River Lights

This weekend's Lights on Tampa festival will fill downtown's Curtis Hixon Waterfront Park and Kiley Gardens with drumming, dance and interactive art installations that will turn the city itself into a canvas after night falls.

The festival is free and family-friendly.

After the festival ends on Sunday morning, one art piece will find a permanent home downtown.

"River Lights" will be Lights on Tampa's addition to Tampa Bay's growing collection of public art that uses light as its palette and the city as its canvas.

"River Lights," by Wannamacher Jensen Architects is an underwater installation along the Tampa Riverwalk that will light from within the Hillsborough River as it flows through the heart of the city.

Motion detectors installed along the Riverwalk will trigger the lights to shift colors as walkers and cyclists pass by, making the artwork truly interactive.

The underwater lights will also attract fish and other wildlife, which will cast shadows on the surface other water, revealing the life that thrives just below the water’s surface.

Chicago artist Nick Cave and his “Heard” dance performance will headline the festival. This is the first year the festival has added a performance component.

"Heard" will run at 6 p.m. and 8:30 p.m. on a stage built in the center of the park.

Lights on Tampa’s organizers commissioned Nick Cave to present “Heard” at this year’s festival. Cave is  famous for making “sound suits” – almost Seussian inventions that stimulate the senses as well as the imagination. In the case of “Heard,” the sound mimics wind through the grass-covered plains. It’s embodied by dancers paired off as 30 horses with flowing, multicolored grass coats that gallop and trot around the stage.

Cave has presented "Heard" around the world, including at Grand Central Station in New York and at the University of North Texas (shown in the video above). Tampa Bay’s Straz Center for the Performing Arts, the largest performing arts center in the Southeast, and the Tampa Museum of Art are partners in the performance. The performance will be on the Great Lawn in the center of Curtis Hixon Waterfront Park.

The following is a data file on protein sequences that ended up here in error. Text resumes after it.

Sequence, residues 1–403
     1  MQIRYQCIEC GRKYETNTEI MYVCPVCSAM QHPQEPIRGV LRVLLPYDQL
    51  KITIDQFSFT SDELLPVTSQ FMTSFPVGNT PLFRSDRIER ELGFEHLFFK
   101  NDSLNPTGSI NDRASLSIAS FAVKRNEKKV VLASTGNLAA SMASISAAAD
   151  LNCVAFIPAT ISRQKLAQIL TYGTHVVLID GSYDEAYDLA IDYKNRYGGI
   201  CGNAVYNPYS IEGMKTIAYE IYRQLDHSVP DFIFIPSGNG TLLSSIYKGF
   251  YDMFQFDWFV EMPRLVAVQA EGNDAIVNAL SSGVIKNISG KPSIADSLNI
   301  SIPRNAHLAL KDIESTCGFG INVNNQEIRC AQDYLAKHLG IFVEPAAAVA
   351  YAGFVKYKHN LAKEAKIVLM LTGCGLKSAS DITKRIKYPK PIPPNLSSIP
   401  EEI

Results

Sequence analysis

The rest of this year's Lights on Tampa projects include:

Sky Striker

Ever tried one of those ring-the-bell strongman carnival games? "Sky Striker" takes that up a notch using one of downtown's most iconic buildings -- the 31 story Rivergate Tower. Visitors will swing a hammer and propel a weight toward the bell at the top of the scale and see the results rendered in rings of light wrapped around the cylindrical skyscraper. No pressure.

Urban Pixels, Recurrence

“Urban Pixels” and “Recurrence” will fill Kiley Gardens at the base of Rivergate Tower with two very difference light projects.
“Urban Pixels” scatters lighted four-sided pyramids that can be assembled in a range of shaped to create new designs. The project was designed by Tampa-based Urban Conga, which installed a public ping-pong table in a downtown Tampa park and has invented a xylophone-like musical bench now in use in Guam.
“Recurrence” will create a field of lighted rods standing vertically amid the plaza’s grid of grass squares and concrete paths. The lights will change and shift in height and intensity to mimic the tidal flow of the Hilllsborough River just a few yards away.


Tampa Bay poet Silvia Curbelo provided the wording for “Uplit,” a lighted billboard-style sign that will tower over the events of Lights on Tampa for the weekend. Curbelo’s simple poem was chosen from a number of submissions by writers and poets from around the area.


The final installation, “Shadow Plays,” is a returning project that combines light, music and dance that projects back-light images on enormous screens mounted in the park.

Lights on Tampa is the latest iteration of Tampa Bay’s growing number of light-based art installations. Current installations include: “Sky (Tampa),” which turns the Tampa Museum of Art’s 14,000-square-foot perforated metal façade into a shifting palette of colors; and “Agua Luces,” which lights the city’s five downtown bridges in colors that reflect off the surface of the river below them. Lights also turn the façade of the Aloft Tampa Downtown into a glowing art installation in its own right.